from NJABULO BUTHELEZI in Durban
DURBAN, (CAJ News) – “FIRST, COVID-19, then the riots last July and now this.”
This lamentation by aid worker, Fernaaz Hussain, sums what has been undoubtedly the most horrendous period in post-independence South Africa.
The worst floods to batter the country in 60 years, with the death toll ticking towards 450, elicited the lament.
It comes months after deadly rioting left over 300 people dead after former president, Jacob Zuma, was jailed for contempt of court.
Hussain is an aid worker at the Islamic Relief.
Such is the gravity of this disaster in South Africa that even those that have pledged a commitment to save victims of disasters have been rendered helpless and, as they set out to recover the bodies of missing victims, also are desperate for rescue.
Hussain is the media coordinator for the Islamic Relief South Africa in Durban, the epicentre of the deadly floods. It was the epicentre of the deadliest violence in post-independence South Africa in July last year and has at times been the epicentre of the most severe outbreak of the COVID-19 in Africa.
Hussain recalls how after picking her daughter from school and the water was rising speedily she could see it coming over the doors.
The roads were becoming so waterlogged she had to try several routes before she got home.
“Then it just got worse and worse. I have never seen anything like it in my life,” Hussain said.
The Islamic Relief was one of the first NGOs (Non-Governmental Organisations) to respond to the humanitarian crisis.
“Our staff and volunteers braved the harsh weather condition to deliver food packs, water, mattresses and blankets to people who lost everything.”
Hussain is lucky to have lived to retell her ordeal, which feels like child’s play considering the severity of the crisis unfolding in this south-eastern province which has the city of Durban at its peak the tourism capital lauded as South Africa’s playground.
The floods have since turned this historic city and the province at large into the country’s graveyard.
Emergency services, affected families and volunteers have been racing against time and tide to retrieve bodies of loved ones from the rubble.
At least three search and rescue police officers and a police dog drowned while searching for flood victims.
Mortuaries have battled an upsurge of lifeless bodies.
All this paint a grave picture, adding to revelations the government had not heeded warnings by weather experts of the disaster.
The National Funeral Practitioners Association of South Africa has reported the government’s mortuaries were battling to cope with bodies that are piling up at the morgue.
The organisation has proposed that the provincial government release bodies without conducting post-mortems.
“If there was a way to skip the post-mortems, we would appreciate that bodies be viewed and declared that they can be released,” Muzi Hlengwa, head of the funeral practioners association told media.
The KwaZulu Natal (KZN) Premier, Sihle Zikalala, however denied the mortuaries were not coping.
He appealed for patience among families that have lost their loved ones.
“We wish to assure them that we are doing the best we can under the circumstances,” Zikalala said.
Health minister, Joe Phaahla, on Wednesday said of the 455 bodies recovered, 377 had undergone post-mortems.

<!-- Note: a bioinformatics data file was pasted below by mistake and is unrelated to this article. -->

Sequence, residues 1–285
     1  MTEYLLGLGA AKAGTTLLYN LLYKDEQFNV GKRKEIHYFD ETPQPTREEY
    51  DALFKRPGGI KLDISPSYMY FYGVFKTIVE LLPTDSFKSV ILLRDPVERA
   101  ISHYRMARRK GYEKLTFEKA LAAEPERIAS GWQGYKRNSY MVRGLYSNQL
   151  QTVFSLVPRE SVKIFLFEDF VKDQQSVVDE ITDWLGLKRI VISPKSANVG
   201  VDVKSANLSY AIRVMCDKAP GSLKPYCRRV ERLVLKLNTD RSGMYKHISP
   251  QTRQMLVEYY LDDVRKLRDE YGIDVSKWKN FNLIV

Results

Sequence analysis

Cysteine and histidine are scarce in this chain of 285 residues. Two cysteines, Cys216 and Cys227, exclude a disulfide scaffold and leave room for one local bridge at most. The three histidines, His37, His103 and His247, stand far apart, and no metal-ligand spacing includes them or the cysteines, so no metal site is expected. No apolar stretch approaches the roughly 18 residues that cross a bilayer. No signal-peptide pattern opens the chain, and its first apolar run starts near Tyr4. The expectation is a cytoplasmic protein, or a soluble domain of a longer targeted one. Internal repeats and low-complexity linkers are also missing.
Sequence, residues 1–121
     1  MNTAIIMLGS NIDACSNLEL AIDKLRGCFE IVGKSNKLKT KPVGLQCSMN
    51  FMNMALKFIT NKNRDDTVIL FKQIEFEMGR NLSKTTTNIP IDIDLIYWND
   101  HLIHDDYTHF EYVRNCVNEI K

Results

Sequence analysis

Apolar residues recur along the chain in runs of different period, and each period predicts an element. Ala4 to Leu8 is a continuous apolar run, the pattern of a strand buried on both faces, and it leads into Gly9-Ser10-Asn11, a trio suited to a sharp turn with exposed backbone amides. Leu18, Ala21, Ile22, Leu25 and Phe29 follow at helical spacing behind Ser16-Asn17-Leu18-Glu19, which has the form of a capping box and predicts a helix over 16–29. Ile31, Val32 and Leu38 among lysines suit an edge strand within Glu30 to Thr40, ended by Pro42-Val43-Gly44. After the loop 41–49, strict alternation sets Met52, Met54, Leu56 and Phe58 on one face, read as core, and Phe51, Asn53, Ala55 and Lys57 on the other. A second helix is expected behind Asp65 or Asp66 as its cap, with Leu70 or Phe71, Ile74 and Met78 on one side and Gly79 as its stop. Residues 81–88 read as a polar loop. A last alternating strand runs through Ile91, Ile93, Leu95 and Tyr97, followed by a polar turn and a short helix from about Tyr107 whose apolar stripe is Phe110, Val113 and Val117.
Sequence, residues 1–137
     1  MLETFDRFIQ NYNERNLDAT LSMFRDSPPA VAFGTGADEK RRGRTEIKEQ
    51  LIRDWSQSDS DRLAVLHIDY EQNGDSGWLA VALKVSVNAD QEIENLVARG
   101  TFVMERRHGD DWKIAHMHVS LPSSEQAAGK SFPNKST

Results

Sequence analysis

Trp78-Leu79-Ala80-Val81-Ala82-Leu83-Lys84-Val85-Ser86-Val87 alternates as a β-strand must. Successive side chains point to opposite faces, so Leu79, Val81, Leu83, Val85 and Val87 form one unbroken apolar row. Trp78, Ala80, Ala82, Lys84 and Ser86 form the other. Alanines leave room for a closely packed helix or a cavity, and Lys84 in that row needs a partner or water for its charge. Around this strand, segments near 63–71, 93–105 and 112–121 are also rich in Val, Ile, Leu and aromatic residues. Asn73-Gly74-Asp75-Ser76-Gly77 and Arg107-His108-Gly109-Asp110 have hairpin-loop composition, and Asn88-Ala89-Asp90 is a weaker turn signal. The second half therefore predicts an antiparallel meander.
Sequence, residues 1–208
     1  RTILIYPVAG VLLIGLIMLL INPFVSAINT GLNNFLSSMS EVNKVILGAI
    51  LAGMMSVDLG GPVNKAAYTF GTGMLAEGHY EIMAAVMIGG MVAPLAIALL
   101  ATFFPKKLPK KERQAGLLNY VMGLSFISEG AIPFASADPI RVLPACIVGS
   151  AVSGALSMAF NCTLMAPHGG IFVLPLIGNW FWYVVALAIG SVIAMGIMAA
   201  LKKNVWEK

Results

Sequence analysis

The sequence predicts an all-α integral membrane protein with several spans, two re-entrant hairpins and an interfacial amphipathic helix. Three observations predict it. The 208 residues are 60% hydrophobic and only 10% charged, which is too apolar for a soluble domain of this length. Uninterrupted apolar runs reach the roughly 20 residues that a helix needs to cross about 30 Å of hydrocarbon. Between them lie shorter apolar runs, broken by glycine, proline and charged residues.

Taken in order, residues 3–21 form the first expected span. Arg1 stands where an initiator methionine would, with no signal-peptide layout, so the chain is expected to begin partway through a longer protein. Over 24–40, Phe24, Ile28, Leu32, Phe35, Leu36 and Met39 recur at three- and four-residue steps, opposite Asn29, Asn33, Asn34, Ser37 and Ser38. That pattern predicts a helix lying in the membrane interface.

The remaining post-mortems were to be concluded the following day.
Now, as the floods subside concerns about corruption rise.
There are fears the money allocated for the reconstruction of the afflicted province might not reach intended beneficiaries.
The government has set aside R1 billion (US$66,5 million) in aid to help rebuild infrastructure after the floods.
Some countries have also pledged financial assistance.
This week, the African Union (AU) donated R2,26 million for reconstruction efforts.
The donation is from AU’s Emergency Fund.
South Africa is synonymous with tragic levels of corruption, even during previous disasters, hence fears the funds could be stolen by government officials.
Some funds, including the $4,3 billion from the International Monetary Fund (IMF), secured as a response to the COVID-19, were stolen.
A number of leaders, some allies to President Cyril Ramaphosa, were caught with their hands in the cookie jar.
Then-health minister, Dr Zweli Mkhize, was fingered. He later resigned.
Khusela Diko, presidential spokesperson at that time, was also linked to COVID-19 graft but was cleared.
There was furore after reports indicated Zikalala had at his disposal the use of an entire water tanker, while many communities across the Durban metro area did not have reliable access to drinking water.
This has been cleared and the minister has apologized after explaining the water was meant for residents but the tanker was delivered at a time he was not at home.
Cilliers Brink, the opposition Democratic Alliance (DA) Shadow Minister of Cooperative Governance and Traditional Affairs, said the party would make specific proposals to the National Assembly on how to strengthen the oversight powers of Parliament and prevent the abuse of power and public money under a national state of disaster.
“Having ignored the DA’s proposals on how to prevent the abuse of disaster relief funds at the outset of the COVID-19 pandemic, President Ramaphosa would be well advised to listen what we have to say this time around,” Brink said.
Zikalala insisted measures would be put in place to curb the theft of funds and resources.
“There must be no tolerance for the abuse of funds,” he assured.
“We will put in place several measures to protect funds and ensure procurement is cost-effective and fair,” he told legislators.
The Office of the Auditor-General, the Public Protector and the Human Rights Commission have pledged to ensure funds were duly used.
– CAJ News